Understanding the Power of Long-Term Impact Evaluations
International development programs are designed to make lasting and positive improvements in the health, education, and income of disadvantaged people around the world. A well-designed impact evaluation can reveal valuable insights into the effectiveness of a program in achieving its desired outcomes, such as higher rates of literacy or agricultural production. However, rigid funding cycles, measurement challenges, and changes in program priorities over time can lead researchers to focus on short-term results instead of longer-term impacts such as higher educational attainment or lower rates of poverty. To understand whether a program creates sustained impacts, impact evaluations must have a longer time horizon. With a growing number of available impact evaluations and new data technologies that make credible ex post evaluations possible, the opportunities to measure development outcomes over a longer horizon are expanding.
On June 12 from 9:30 a.m.–11:00 a.m. (ET), Mathematica and the U.S. Agency for International Development (USAID) hosted a forum highlighting the power of long-term impact evaluations. Expert panelists from USAID’s Expanding the Research of Impact Evaluation (ERIE) initiative participated. Participants joined the panelists from the ERIE partnership and USAID to learn about a new resource guide on conducting long-term evaluations and to discuss specific examples of these evaluations in the health, education, and agriculture sectors.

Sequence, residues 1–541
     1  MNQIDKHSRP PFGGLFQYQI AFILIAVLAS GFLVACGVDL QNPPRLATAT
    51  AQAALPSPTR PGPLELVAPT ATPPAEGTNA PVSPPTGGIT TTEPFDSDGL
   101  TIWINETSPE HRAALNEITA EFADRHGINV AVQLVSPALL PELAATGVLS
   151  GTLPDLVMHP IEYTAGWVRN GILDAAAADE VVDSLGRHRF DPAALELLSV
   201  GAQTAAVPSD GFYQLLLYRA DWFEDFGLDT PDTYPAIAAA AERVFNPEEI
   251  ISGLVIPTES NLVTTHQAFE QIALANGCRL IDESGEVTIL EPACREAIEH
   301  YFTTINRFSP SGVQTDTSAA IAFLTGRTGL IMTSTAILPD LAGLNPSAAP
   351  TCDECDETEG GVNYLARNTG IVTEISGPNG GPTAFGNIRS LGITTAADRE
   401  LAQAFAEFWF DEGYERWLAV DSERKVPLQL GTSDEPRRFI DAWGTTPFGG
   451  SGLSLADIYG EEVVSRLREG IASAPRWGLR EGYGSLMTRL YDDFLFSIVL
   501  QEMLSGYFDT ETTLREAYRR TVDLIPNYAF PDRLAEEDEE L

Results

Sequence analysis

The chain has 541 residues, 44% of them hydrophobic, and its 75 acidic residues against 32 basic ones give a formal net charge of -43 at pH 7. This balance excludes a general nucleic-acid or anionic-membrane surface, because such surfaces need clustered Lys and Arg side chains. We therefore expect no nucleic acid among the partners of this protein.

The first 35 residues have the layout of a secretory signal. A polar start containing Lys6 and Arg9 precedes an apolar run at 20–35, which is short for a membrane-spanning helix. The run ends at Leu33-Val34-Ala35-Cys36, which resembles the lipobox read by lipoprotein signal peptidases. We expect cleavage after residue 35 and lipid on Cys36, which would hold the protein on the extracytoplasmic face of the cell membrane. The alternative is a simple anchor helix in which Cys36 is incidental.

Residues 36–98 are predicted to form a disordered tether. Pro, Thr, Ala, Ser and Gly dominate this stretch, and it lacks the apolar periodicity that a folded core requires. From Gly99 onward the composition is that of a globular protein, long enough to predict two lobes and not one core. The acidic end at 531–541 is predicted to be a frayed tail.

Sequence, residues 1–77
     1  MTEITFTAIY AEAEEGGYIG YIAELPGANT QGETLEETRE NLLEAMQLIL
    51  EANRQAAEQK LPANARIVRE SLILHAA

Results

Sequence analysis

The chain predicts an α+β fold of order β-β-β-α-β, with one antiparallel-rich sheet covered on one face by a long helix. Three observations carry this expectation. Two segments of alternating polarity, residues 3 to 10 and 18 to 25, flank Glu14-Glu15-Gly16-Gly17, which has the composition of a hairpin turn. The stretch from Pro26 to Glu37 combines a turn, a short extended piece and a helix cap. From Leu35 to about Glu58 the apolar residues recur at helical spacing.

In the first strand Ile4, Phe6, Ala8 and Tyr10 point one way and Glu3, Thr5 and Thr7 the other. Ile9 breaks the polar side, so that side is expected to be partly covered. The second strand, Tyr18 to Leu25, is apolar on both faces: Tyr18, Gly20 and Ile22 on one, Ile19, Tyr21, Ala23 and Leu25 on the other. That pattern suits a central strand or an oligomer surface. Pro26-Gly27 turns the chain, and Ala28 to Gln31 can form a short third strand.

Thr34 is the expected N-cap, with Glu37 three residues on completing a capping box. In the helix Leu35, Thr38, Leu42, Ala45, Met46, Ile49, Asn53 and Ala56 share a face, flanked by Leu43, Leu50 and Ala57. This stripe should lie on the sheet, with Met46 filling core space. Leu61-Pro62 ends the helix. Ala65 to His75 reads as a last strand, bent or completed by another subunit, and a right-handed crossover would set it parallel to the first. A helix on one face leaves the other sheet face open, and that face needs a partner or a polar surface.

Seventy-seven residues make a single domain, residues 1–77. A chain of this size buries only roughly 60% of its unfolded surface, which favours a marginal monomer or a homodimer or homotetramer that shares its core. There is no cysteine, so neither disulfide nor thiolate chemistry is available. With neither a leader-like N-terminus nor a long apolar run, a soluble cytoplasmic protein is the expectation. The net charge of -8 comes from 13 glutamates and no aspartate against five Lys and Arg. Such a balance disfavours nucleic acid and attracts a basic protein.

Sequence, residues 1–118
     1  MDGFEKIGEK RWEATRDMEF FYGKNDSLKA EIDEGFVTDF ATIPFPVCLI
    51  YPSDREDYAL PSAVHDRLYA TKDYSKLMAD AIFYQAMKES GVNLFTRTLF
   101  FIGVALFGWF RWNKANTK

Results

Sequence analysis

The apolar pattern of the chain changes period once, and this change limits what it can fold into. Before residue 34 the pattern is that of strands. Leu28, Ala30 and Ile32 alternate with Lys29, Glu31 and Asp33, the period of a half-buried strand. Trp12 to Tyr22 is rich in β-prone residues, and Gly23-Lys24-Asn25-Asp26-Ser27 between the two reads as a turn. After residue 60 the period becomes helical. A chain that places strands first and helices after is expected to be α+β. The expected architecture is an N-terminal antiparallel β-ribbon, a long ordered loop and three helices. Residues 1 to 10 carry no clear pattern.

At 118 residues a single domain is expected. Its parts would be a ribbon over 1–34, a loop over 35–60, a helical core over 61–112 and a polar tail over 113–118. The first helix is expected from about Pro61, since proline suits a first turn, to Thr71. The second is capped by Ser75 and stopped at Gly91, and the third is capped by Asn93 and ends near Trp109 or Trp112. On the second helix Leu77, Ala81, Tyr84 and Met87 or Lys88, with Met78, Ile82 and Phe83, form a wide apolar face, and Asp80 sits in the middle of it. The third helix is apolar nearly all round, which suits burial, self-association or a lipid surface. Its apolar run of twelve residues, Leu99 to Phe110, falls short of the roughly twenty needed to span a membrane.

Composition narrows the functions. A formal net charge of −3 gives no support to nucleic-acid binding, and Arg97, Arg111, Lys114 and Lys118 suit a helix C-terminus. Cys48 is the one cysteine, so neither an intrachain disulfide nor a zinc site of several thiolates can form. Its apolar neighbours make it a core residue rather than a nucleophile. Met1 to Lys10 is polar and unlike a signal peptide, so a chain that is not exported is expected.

This event was held at Mathematica’s Washington, DC, office, located at 1100 First Street, NE, 12th Floor, and via live webinar. Before the forum, a reception and continental breakfast took place in the lobby of Mathematica’s office at 9:00 a.m.
ERIE is a partnership between USAID, Mathematica, the Notre Dame Initiative for Global Development, AidData, the Center for Effective Global Action, and Geo-Spatial Impact Evaluation. It is designed to pilot long-term impact evaluations and demonstrate their value in strategic decision making.
Danice Brown Guzman, research associate, Notre Dame Initiative for Global Development
Joshua Kaufman, director, Office of Evaluation and Impact Assessment, USAID
Katherine Nolan, senior research analyst, AidData
Matt Sloan, director, Mathematica
Delia Welsh, senior researcher, Mathematica